Statistically speaking, 70% of the world’s water consumption goes to agriculture and 20% to industrial activity. Up to 30% of water in developed cities is lost to leaks.

It takes 1300L of water to produce just 1kg of wheat and 15 500L to produce 1kg of beef. With an increasing population, meat consumption is expected to double by 2050.

A practical example of industry’s threat to Water supply is in the forestry industry. The industry often sees foreign (opposed to indigenous) plant species being utilised, allowing the forester to yield their product. In some instances, particularly within the paper and pulp industry, the trees demand more water than the region is capable of supplying – this can lead to the drying-up of watercourses. As a result, it has become customary for municipalities to monitor the availability of water and to ensure that land use does not compromise the water in the region.

The Role of Water in Sustainable Futures

Oftentimes, we forget that the water cycle and the life cycle are one. There is an attitudinal and behavioural issue towards Water, which could be changed through education.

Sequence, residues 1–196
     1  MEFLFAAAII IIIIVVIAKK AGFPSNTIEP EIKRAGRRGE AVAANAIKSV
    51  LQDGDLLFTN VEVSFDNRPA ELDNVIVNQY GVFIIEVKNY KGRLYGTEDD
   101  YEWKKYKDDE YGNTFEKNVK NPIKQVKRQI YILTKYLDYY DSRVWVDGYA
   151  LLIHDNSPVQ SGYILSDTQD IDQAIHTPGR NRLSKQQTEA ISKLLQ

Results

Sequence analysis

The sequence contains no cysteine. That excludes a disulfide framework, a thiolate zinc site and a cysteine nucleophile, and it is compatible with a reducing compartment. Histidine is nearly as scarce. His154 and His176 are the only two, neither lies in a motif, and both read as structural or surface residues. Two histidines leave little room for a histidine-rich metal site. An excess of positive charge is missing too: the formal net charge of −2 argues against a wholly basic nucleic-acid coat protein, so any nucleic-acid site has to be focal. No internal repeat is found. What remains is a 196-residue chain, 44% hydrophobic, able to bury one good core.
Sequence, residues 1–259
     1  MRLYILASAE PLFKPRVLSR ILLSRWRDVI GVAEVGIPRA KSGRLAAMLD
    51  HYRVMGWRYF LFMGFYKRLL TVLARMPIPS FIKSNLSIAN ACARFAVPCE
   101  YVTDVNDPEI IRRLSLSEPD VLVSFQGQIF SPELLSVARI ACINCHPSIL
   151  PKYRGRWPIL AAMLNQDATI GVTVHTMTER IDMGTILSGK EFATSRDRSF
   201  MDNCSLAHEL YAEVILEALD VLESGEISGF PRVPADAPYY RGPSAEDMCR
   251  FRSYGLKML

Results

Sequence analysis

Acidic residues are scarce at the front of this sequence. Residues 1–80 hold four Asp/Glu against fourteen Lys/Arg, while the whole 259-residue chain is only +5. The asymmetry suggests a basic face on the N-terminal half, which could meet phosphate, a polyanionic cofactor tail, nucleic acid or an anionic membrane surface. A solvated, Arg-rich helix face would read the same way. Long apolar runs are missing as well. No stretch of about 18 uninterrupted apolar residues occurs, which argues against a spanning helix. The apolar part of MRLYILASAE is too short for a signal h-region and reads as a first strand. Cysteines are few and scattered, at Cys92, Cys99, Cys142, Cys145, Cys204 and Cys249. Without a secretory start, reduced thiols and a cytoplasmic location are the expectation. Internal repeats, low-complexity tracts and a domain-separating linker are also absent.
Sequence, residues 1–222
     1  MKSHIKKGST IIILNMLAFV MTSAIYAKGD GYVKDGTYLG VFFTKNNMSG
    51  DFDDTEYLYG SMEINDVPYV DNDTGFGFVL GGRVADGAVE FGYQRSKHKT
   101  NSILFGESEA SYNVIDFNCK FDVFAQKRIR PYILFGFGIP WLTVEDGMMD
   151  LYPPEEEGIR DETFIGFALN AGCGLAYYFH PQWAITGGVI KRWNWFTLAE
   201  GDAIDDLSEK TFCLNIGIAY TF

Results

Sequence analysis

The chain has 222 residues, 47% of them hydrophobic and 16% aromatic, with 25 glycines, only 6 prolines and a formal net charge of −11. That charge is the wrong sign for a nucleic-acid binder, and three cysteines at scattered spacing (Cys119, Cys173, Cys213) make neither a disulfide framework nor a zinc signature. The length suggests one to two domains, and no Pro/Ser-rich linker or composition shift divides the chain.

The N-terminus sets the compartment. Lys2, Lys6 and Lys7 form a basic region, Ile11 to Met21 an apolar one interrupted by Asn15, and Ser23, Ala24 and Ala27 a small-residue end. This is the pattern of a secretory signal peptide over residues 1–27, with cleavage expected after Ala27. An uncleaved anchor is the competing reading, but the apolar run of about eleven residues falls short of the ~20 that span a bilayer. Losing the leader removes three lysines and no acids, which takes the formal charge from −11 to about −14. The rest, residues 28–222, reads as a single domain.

It is our responsibility to find more ways to sustainably manage water and our futures. For example, the opportunities for exploiting wastewater as a resource are enormous. Safely managed wastewater is an affordable and sustainable source of water, energy, nutrients and other recoverable materials.

There are a number of organisations – both NGO and Private – who are focused on improving the situation. We have so far mentioned the United Nations and would now like to introduce how ISO Standards play a role in the future of water.

ISO Standards and Water

ISO has over 1200 water-related standards (with even more in the workings), covering a wide variety of issues. These water-related standards benefit the global industry, regulators and water consumers, by providing guidance and practical solutions towards best practice for Sustainable Water Management.

iso-waterThe following list provides just a handful of water-related topics that ISO works with:

  • Water Quality
  • Agriculture and Irrigation
  • Water Footprint
  • Hydrometry
  • Infrastructure